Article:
Note to new members: Conduct still matters
Every class of newly elected lawmakers promises to be the one to change Washington — and every class inevitably falls short of that goal. As the incoming freshman members prepare to settle into their new offices, they should keep in mind that their constituents will be watching more than their voting records; they’ll be keeping an eye on their conduct too.
While both parties continue to debate the meaning of the last election, one thing is clear: Voters don’t look kindly on corruption in the capital, and are willing to take matters into their own hands. While there were some notable exceptions, many of the most ethically challenged lawmakers lost their bids for reelection.
Perhaps the clearest example is the case of outgoing Rep. David Rivera (R-Fla.), who initially won his seat despite being the subject of criminal investigations by numerous federal and state agencies. This cycle, Rivera fronted a shadow candidate in the Democratic primary for his seat in an effort to weaken his likely challenger. The numerous reports of FBI and state investigations into Rivera’s role in a scam that seemed more like fodder for pulp fiction than the campaign trail led to his ouster. Moral: Even in the rough and tumble world of political campaigns, not everything goes.
Elsewhere across the country, voters in Rep. Laura Richardson’s (D-Calif.) district sent her packing just three months after the full House reprimanded her for misusing official resources. First-term Rep. Joe Walsh (R-Ill.), plagued by questions about his failure to pay child support, tax liens and a condominium foreclosure, lost his seat to Democratic war hero Tammy Duckworth. And in one of the most high-profile and expensive races in the country, Nevada Democratic Rep. Shelley Berkley narrowly lost her Senate bid after both Karl Rove’s Crossroads GPS and her Republican opponent Dean Heller — citing research from CREW’s Most Corrupt Members of Congress report — repeatedly attacked her for intervening to save a kidney transplant center in which her husband had a financial interest.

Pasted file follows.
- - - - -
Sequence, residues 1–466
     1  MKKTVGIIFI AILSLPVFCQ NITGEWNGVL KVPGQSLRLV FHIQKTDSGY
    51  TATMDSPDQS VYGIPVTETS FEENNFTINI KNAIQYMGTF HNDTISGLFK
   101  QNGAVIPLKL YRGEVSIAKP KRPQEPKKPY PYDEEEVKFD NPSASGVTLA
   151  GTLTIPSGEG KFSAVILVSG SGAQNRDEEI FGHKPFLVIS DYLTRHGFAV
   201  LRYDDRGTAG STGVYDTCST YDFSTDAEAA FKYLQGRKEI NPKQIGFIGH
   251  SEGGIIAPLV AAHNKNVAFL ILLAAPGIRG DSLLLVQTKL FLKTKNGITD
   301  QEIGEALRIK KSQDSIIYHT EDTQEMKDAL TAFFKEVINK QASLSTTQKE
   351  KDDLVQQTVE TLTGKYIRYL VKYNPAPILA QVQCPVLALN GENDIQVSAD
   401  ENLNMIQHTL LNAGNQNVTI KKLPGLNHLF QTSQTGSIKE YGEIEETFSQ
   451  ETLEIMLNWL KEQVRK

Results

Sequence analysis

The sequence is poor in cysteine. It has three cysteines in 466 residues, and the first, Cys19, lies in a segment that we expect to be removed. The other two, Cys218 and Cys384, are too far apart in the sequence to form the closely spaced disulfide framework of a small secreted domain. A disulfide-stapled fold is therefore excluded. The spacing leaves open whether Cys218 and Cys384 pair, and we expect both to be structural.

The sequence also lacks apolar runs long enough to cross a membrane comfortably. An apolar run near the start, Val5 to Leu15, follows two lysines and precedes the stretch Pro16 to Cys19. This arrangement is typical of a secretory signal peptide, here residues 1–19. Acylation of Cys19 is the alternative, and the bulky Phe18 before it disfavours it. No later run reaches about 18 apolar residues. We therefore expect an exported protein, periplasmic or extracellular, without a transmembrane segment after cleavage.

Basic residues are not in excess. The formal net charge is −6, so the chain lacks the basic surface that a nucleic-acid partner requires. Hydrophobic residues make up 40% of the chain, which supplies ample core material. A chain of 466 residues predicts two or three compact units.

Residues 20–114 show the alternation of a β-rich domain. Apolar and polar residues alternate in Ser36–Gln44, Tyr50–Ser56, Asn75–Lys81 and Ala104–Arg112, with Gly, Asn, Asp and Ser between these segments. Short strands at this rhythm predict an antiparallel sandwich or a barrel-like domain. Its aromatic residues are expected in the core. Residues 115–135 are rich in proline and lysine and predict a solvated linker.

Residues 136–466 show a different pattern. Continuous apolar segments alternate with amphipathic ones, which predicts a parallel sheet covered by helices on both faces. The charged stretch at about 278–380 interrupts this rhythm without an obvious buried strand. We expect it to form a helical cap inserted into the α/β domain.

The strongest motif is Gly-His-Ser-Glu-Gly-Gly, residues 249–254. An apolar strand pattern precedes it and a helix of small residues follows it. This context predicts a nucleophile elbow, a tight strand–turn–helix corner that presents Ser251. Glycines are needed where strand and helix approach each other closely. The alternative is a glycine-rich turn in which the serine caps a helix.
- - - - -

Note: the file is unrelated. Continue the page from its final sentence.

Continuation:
What can incoming members learn from these scandals? You might get away with mistreating staff or petty corruption, but you definitely can’t get away with both. Personal conduct counts, so pay your bills and treat your former spouses and partners decently. In addition — and this one frequently seems to be overlooked — lawmakers are elected to represent their constituents’ interests, not those of family members and top donors.
Of course, corruption doesn’t always tank a career. This year, several members held on to their seats despite serious ethics questions.
On Staten Island, where Hurricane Sandy overshadowed all other issues, voters reelected Rep. Michael Grimm (R-N.Y.), who remains the target of a federal investigation into his allegedly illegal fundraising practices. Florida voters reelected Republican Rep. Vern Buchanan after his former business partner and several employees testified about his alleged role in a conduit contribution scheme. And in New Jersey, voters returned Democratic Rep. Rob Andrews for a 13th term, even as the House Ethics Committee continues to investigate allegations he used campaign funds for personal expenses.
If pollsters continually find ethics to be a significant concern for voters — as they did before the November election — why don’t all ethically challenged candidates lose?
First, both parties have proven shamelessly opportunistic and unwilling to take a hard line against corruption within their own caucuses. House Speaker John Boehner (R-Ohio), who promised a “zero tolerance” policy for ethics violations, raised money for Grimm and anointed Buchanan as the Republicans’ chief fundraiser at the National Republican Campaign Committee. On the other side of the aisle, no one has raised a peep about Andrews’s or Berkley’s ethical woes.
Second, gerrymandering has insulated many House members from serious electoral competition. For example, Rep. Scott DesJarlais (R-Tenn.), the anti-abortion, “pro-family” doctor-turned-congressman who engaged in sexual relationships with at least two patients while serving as their treating physician, and even pressured one to have an abortion, managed to keep his seat in a safe Republican district.
Finally, in the post-Citizens United political landscape, those who fund super PACs and dark money groups have an outsize influence on congressional elections. The money Sheldon Adelson dumped into American Crossroads to air nearly constant ads harping on Berkley’s ethical issues surely helped secure her defeat. In races without big-money interests aligned against a candidate, however, voters may not have heard much about their representatives’ transgressions.
So while it is not all good news, 11 of the 31 members of Congress named in CREW’s Most Corrupt report during the 2012 election cycle have been defeated or are retiring. This suggests incoming members seeking to avoid the fates of those toppled by ethics scandals would be wise to hold themselves to high ethical standards.